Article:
I cry at movies. I cry at TV shows. I cry at commercials. I cry at things that were supposed to be funny, but I was overcome with the awesome metaphor or something, so I tear up. I cry when I see how cute my kids are. I cry when I see they’re not kids anymore. I cry at weddings. I cry at baptisms. I cry at graduation ceremonies. I cry for myself. I cry for others. I cry when I’m happy. I cry when I’m sad. When I’m angry. When I’m scared. When other people are hurt. When I have a good dream or a bad dream. When I have my friend Candice’s French Silk pie (it’s really that good). Sometimes I just cry for no particularly good reason.

My character is not a maudlin one; in fact, sometimes I feel a little heartless because others seem so much more affected by something than I am inclined to be. I tend to see life as a game; I am fairly cool in a crisis, and I laugh at almost every single thing – even bad stuff. Bad stuff needs the most laughter, so that it can be not-bad again.

Did I mention I cry when I’m laughing? Especially if it’s really, really funny.

I cry for the childhood my dad should have had and the scars he shouldn’t have. I gladly take his place in all the things he might otherwise have cried about, and I cry my little heart out on his behalf. I cry because he won’t. I cry because he can’t. I cry for my dad the way you might fill in for a co-worker who called in sick.

I cry for my dad, and I’m happy to do it.

Bit O’ Blog

Pinky Promises

Two weeks ago, I made a pinky-promise with a friend at work.  She and I had each just started a new work-out regimen, and we were facing the weeks of being sore and tired and not seeing results as quickly as the contestants on reality shows.  Those weeks can be so demoralizing; it’s so easy to say, “Well, I did some stuff yesterday.  Today I’ll give it a miss.”  But I didn’t want to do that.  I’ve been in shape before, and I knew that I could do it again – I just needed the motivation to get through those first six weeks.  I just needed a way to stick with it until it gets easier.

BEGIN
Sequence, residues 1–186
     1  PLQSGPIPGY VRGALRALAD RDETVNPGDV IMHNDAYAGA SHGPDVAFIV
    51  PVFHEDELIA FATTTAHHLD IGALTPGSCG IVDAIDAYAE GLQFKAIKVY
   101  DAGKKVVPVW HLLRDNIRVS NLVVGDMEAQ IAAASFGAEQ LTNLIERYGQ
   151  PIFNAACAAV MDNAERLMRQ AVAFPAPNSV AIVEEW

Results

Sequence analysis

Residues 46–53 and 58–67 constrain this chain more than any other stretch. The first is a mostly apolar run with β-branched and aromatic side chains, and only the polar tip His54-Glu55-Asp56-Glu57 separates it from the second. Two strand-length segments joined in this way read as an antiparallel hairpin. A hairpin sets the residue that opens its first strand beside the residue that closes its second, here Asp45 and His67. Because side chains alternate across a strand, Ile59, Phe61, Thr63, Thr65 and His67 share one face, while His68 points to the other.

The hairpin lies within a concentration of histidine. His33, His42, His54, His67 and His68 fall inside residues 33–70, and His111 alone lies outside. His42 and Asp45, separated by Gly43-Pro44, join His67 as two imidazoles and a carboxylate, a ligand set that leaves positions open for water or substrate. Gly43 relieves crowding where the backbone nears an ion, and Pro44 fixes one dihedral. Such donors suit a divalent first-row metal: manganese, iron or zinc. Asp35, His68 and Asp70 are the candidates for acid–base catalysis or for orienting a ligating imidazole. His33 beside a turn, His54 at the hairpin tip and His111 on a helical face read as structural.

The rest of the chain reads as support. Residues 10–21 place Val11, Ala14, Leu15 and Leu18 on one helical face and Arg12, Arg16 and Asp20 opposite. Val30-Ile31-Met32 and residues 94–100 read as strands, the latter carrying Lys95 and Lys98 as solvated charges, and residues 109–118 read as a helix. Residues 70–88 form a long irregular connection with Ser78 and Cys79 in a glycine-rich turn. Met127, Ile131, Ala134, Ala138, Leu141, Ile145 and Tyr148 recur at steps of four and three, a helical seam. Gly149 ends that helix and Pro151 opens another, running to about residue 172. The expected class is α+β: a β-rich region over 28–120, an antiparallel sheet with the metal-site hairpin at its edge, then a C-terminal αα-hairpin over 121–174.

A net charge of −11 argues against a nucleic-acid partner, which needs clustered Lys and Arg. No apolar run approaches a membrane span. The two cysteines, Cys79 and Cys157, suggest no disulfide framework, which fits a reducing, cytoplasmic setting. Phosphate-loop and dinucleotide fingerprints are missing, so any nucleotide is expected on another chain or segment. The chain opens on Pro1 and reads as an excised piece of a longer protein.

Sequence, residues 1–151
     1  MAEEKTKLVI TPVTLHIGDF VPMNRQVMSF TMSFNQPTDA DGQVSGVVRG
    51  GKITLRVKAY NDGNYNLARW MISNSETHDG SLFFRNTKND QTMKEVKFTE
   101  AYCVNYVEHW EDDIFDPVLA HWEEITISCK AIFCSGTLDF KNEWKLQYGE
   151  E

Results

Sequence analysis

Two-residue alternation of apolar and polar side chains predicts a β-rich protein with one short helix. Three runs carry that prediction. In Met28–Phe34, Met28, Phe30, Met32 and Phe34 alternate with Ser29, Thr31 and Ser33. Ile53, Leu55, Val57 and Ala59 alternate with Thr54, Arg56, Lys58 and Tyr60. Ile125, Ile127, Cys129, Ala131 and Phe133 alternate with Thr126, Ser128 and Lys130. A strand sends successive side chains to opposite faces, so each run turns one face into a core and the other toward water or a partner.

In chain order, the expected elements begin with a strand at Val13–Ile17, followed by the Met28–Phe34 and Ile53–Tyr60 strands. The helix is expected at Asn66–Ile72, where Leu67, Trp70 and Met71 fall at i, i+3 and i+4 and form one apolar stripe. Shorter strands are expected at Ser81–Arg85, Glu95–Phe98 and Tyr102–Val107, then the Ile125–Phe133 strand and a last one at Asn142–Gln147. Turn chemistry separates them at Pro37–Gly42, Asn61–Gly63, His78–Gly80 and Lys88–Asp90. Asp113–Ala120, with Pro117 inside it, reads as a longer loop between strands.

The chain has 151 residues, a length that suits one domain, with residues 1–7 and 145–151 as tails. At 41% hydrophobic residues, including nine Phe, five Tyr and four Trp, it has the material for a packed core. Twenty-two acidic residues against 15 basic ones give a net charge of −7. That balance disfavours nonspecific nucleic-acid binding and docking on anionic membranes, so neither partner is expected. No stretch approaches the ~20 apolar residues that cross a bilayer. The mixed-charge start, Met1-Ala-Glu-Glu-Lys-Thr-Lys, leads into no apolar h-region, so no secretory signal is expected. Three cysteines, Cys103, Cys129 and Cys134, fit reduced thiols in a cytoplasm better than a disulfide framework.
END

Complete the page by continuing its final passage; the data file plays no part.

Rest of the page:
Since my coworker felt the same about her regimen, she was happy to enter into an agreement in which we would each do daily whatever our individual regimen told us to do (barring illness or injury).  We have insufficient funds to attach any kind monetary punishment – or inducement – to our agreement, so we decided to proceed on the honour system, and to reward our efforts in six weeks with a posh-coffee-drink.  We sealed the deal with a pinky-promise.  We promised.